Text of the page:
Pressure of Derby nothing to Matz

Surviving crash of airliner leaves all else in shade

Horse Racing

March 31, 2006|By SANDRA MCKEE | SANDRA MCKEE,SUN REPORTER

BOYNTON BEACH, Fla. -- The cell phone rings in Michael Matz's pocket and he excuses himself to take the call.

"The owners need four more seats added to their reservations at the track restaurant," said Matz, hanging up and dialing another number to make the arrangements at Gulfstream Park. "It's very difficult to get tables and I've been taking care of this for them. But sometimes I feel more like a secretary than a trainer."

It is Kentucky Derby season and Matz is definitely a trainer, with 50 thoroughbreds in his care here and back at his Fair Hill (Md.) Training Center base.

Behind him, just a short way down the shed row at the Palm Meadows Training Center, Barbaro (pronounced Barbero) is sticking his gorgeous chestnut head out of a stall and watching everything going on around him.

Last October, Barbaro was shipped to the Fair Hill Training Center from Ocala, Fla., by owners Roy and Gretchen Jackson, who live in Pennsylvania, just a few miles away from Matz. After an impressive winter campaign, Barbaro is now the undefeated 8-5 favorite in tomorrow's $1 million, Grade I Florida Derby, a historic Kentucky Derby prep race, at Gulfstream.

So the media is gathered early, beginning the digging process that will attempt to unveil every interesting tidbit of the trainer's life. For some, this process and the building pressure that comes with trying to get a horse to Churchill Downs is a trial of nerves and a discovery of self.

But Matz, perhaps more than any other trainer on the Derby trail this year or any year, has already faced more pressure than any of us would ever want to.

Yesterday, on a warm, sweet-smelling morning, with horses munching their breakfast oats, Matz tried to shrug off reporters' questions about his past. "I can't imagine what interest there could be" in an incident that occurred 17 years ago, he said.

But, with gentle nudging, the story emerges.

In 1989, he and his future wife, D.D. Alexander, on their way back from a horse show in Hawaii, missed their Denver connection to Chicago and wound up on United Flight 232. The plane, which carried 296 passengers, crashed and landed upside down in an Iowa cornfield.

Matz and many other passengers were watching a video program about that year's Triple Crown series between Sunday Silence and Easy Goer when the plane suddenly lost an engine and went down.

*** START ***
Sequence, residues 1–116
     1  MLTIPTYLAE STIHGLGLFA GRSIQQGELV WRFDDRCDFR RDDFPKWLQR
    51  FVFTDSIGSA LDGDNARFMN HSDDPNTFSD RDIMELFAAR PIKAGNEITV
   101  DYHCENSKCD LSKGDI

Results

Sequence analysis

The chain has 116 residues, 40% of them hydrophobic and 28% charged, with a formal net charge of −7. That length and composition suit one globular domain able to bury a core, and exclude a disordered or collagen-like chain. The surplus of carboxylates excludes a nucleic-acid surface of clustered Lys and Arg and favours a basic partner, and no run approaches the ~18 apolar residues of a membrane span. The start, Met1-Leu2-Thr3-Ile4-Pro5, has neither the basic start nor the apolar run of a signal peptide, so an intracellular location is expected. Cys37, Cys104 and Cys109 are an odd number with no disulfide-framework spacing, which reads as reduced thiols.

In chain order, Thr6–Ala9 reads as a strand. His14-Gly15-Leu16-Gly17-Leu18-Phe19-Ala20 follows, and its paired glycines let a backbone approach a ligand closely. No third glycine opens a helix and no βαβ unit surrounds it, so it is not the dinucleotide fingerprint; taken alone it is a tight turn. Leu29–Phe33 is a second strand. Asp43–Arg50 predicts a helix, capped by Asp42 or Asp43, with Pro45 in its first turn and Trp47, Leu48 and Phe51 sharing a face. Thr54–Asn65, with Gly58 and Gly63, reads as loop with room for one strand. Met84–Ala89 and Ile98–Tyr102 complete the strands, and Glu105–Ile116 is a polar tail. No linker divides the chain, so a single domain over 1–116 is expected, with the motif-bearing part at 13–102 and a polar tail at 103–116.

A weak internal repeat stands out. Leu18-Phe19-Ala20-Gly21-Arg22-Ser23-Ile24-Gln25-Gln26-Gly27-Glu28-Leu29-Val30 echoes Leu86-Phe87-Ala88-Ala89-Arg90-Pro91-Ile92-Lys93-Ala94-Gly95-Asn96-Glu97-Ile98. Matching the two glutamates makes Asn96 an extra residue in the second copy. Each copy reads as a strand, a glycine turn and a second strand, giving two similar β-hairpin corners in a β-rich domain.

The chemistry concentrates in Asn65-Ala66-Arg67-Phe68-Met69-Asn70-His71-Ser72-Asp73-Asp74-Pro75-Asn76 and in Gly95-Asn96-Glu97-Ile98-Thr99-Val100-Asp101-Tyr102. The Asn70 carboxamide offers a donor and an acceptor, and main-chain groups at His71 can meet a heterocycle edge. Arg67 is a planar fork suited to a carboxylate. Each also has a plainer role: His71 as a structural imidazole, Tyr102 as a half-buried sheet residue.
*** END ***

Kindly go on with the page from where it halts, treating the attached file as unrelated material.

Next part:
One hundred and two passengers died, but Matz, who had noticed three young children in the seats around him, picked himself up off the inside roof of the passenger cabin, gathered the children and ushered them to safety.

He hoped his fiancee, who was seated several rows in front of him, would follow him out. Once outside, he waited for her to appear. She didn't, but smothering amounts of smoke did, and he went back in to find her.

On that foray, he heard a baby crying and rescued the infant from a luggage compartment. Still, he couldn't find his fiancee.

"I was running around like a madman, frantically looking for her for 45 minutes," he said yesterday, his blue eyes seeming to look inward, remembering. "And then this rescue truck went by and there she was with the three kids. Those kids continue to keep in touch with my wife."

Matz said it was just one of those things. Something you expect to happen to other people, not to you.

"I was never in a war or even in the armed services," said the 55-year-old. "No one knows how you will react in a pressure situation. In a plane crash, you don't know. You don't practice that. You just do the best you can and my wife and I were fortunate to get out."

So when you ask him about feeling pressure in tomorrow's race or in anticipation of the Kentucky Derby, it almost seems a silly question. Pressure? What pressure? he might ask.

"It's just exciting," Matz said. "It's like when I was riding in the Olympics. It's an exciting time and not nerve-wracking at all. Barbaro gives you confidence. He knows how to win."

For 20 years, Matz competed in the Olympics as a member of the U.S. equestrian team. In 1996, he won a silver team medal for show-horse jumping and was chosen to carry the U.S. flag in the closing ceremonies.

But it was in an earlier Olympics, in Montreal in 1976, that he learned an early lesson about pressure that established the basis of his thoroughbred training program that is currently befuddling longtime racing observers.

"In Montreal, our team spent so much time riding against each other in an effort to be completely prepared that by the time we got to the competition, we had no horse left," Matz said. "I said then, whatever I do in the future, I want to make sure I have a competitive horse when it's time to go for the prize."

With that in mind, Matz has spaced Barbaro's races between five and six weeks apart. The results have been four wins - three on grass, including an eight-length victory in the Laurel Futurity - and one on dirt, or rather in the mud, when he earned a three-quarters-length victory in the Holy Bull Stakes at Gulfstream, Feb. 4.

"To hear some people talk, you'd think I invented a new voodoo," he said. "All of [Barbaro's] races have been five to six weeks apart and now he'll run the Florida Derby, with an eight-week gap. He'll come up on the [Kentucky Derby] five weeks after that. It should fit his schedule perfectly. I'll have a fresh horse."

Reminded that no horse since Needles in 1956 has won the Kentucky Derby coming off a five-week gap, Matz grinned.

"Needles," he said. "Don't you think 50 years is a long-enough wait for someone to do it again?"

smm2me@aol.com

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